Several laboratories, including ours, have demonstrated that one very important function of the endocannabinoids is to regulate the response of the brain to stress. Animals and humans need to cope with physical and psychological stresses in order to survive, but stress responses have a cost. For example, we know that long term stress exposure results in depression and post traumatic stress disorder in humans. The endogenous cannabinoid system is a stress buffer, it turns down the hormonal and behavioral responses to stress. In addition, the endocannabinoid system is itself turned on or, in some cases, turned off by stress. Our goal in these studies is to examine the mechanistic relationships between stress and the endocannabinoids. While most of our studies are carried out using rodent models, we are also exploring these processes in human subjects exposed to periods of psychological stress through collaborations with other investigators.
Roles of cannabinoids in regulation of the immune response
Signaling through the CB2 receptor has been shown to reduce activation of the immune system. Although immune cell activation is vital to fight infections, excess or inappropriate immune activation contributes to many important and devastating diseases, including multiple sclerosis and graft-versus-host disease, which can occur after bone marrow transplants to treat cancer. Our laboratory is exploring the roles of CB2 receptors and the phytocannabinoid, cannabidiol, in neuroinflammation and graft-versus-host disease models.
(Casey R. Vickstrom, Xiaojie Liu, Shuai Liu, Meng-Ming Hu, Lianwei Mu, Ying Hu, Hao Yu, Santidra L. Love, Cecilia J. Hillard, Qing-song Liu .) Molecular Psychiatry . Vickstrom, C.R., Liu, X., Liu, S. et al. The MSDB sends a GABAergic projection to cholinergic neurons in the ventral MHb. Mol Psychiatry 26, 2679 (2021). https://doi.org/10.1038/s41380-021-01280-1 09/15/2021
(Lin X, Xu Z, Carey L, Romero J, Makriyannis A, Hillard CJ, Ruggiero E, Dockum M, Houk G, Mackie K, Albrecht PJ, Rice FL, Hohmann AG.) Pain. 2022 05 01;163(5):834-851 PMID: 35001054 PMCID: PMC8942871 SCOPUS ID: 2-s2.0-85128493394 01/11/2022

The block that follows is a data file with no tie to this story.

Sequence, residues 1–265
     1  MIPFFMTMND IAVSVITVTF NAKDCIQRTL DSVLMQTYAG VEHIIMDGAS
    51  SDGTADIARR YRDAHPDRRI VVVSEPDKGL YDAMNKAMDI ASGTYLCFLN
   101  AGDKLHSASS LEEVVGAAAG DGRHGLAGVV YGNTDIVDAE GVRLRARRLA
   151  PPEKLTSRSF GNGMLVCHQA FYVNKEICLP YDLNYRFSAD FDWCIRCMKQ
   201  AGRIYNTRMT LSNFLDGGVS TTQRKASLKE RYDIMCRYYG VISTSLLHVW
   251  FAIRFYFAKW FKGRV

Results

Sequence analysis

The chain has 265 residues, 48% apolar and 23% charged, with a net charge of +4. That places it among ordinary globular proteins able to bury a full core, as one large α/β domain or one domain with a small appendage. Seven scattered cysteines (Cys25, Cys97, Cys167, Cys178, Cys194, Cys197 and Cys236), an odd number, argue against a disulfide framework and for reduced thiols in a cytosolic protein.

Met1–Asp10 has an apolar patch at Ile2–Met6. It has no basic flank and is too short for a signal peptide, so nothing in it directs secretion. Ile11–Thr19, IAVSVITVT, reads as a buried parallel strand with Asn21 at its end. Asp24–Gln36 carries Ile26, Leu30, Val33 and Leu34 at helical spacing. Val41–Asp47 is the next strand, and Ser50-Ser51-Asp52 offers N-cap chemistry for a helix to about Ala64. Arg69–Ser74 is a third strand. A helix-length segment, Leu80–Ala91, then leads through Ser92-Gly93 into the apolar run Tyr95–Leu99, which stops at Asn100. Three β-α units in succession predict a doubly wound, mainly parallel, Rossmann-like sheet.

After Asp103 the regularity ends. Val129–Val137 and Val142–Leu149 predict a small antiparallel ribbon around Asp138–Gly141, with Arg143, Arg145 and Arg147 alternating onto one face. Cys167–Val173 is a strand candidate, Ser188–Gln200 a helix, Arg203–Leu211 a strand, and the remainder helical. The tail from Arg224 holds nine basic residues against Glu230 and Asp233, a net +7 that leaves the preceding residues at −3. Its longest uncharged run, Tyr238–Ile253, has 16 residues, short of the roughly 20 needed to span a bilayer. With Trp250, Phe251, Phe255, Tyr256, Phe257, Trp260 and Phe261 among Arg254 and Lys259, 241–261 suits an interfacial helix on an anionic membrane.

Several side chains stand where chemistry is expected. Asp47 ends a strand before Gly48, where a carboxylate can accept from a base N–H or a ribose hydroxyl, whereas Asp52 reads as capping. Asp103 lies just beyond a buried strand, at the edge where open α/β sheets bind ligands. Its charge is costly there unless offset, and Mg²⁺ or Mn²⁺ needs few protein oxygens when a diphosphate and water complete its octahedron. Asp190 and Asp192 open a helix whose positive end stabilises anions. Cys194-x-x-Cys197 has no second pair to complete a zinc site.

(deRoon-Cassini TA, Bergner CL, Chesney SA, Schumann NR, Lee TS, Brasel KJ, Hillard CJ.) Transl Psychiatry. 2022 02 01;12(1):48 PMID: 35105857 PMCID: PMC8807700 SCOPUS ID: 2-s2.0-85124060615 02/03/2022
(Ten-Blanco M, Flores Á, Pereda-Pérez I, Piscitelli F, Izquierdo-Luengo C, Cristino L, Romero J, Hillard CJ, Maldonado R, Di Marzo V, Berrendero F.) Biomedicine and Pharmacotherapy. May 2022;149 SCOPUS ID: 2-s2.0-85127815071 05/01/2022
(Jayan D, deRoon-Cassini TA, Sauber G, Hillard CJ, Fitzgerald JM.) Psychoneuroendocrinology. 2022 01;135:105450 PMID: 34775251 PMCID: PMC8686692 SCOPUS ID: 2-s2.0-85118826291 11/15/2021
(Yu H, Liu X, Chen B, Vickstrom CR, Friedman V, Kelly TJ, Bai X, Zhao L, Hillard CJ, Liu QS.) Cells. 2021 12 16;10(12) PMID: 34944056 PMCID: PMC8700250 SCOPUS ID: 2-s2.0-85121121427 12/25/2021
(Stollenwerk TM, Hillard CJ.) Cells. 2021 12 11;10(12) PMID: 34944011 PMCID: PMC8700174 SCOPUS ID: 2-s2.0-85121034066 12/25/2021
(Stollenwerk TM, Pollock S, Hillard CJ.) Molecules. 2021 Sep 02;26(17) PMID: 34500787 PMCID: PMC8434367 SCOPUS ID: 2-s2.0-85114348357 09/11/2021
(Kang M, Bohorquez-Montoya L, McAuliffe T, Claesges SA, Blair NO, Sauber G, Reynolds CF 3rd, Hillard CJ, Goveas JS.) Front Psychiatry. 2021;12:783187 PMID: 34955928 PMCID: PMC8692767 SCOPUS ID: 2-s2.0-85121649643 12/28/2021
(Stollenwerk TM, Hillard CJ.) Cells. December 2021;10(12) SCOPUS ID: 2-s2.0-85121034066 12/01/2021
(Yu H, Liu X, Chen B, Vickstrom CR, Friedman V, Kelly TJ, Bai X, Zhao L, Hillard CJ, Liu QS.) Cells. December 2021;10(12) SCOPUS ID: 2-s2.0-85121121427 12/01/2021
(Crombie KM, Sartin-Tarm A, Sellnow K, Ahrenholtz R, Lee S, Matalamaki M, Almassi NE, Hillard CJ, Koltyn KF, Adams TG, Cisler JM.) Psychoneuroendocrinology. October 2021;132 SCOPUS ID: 2-s2.0-85110337155 10/01/2021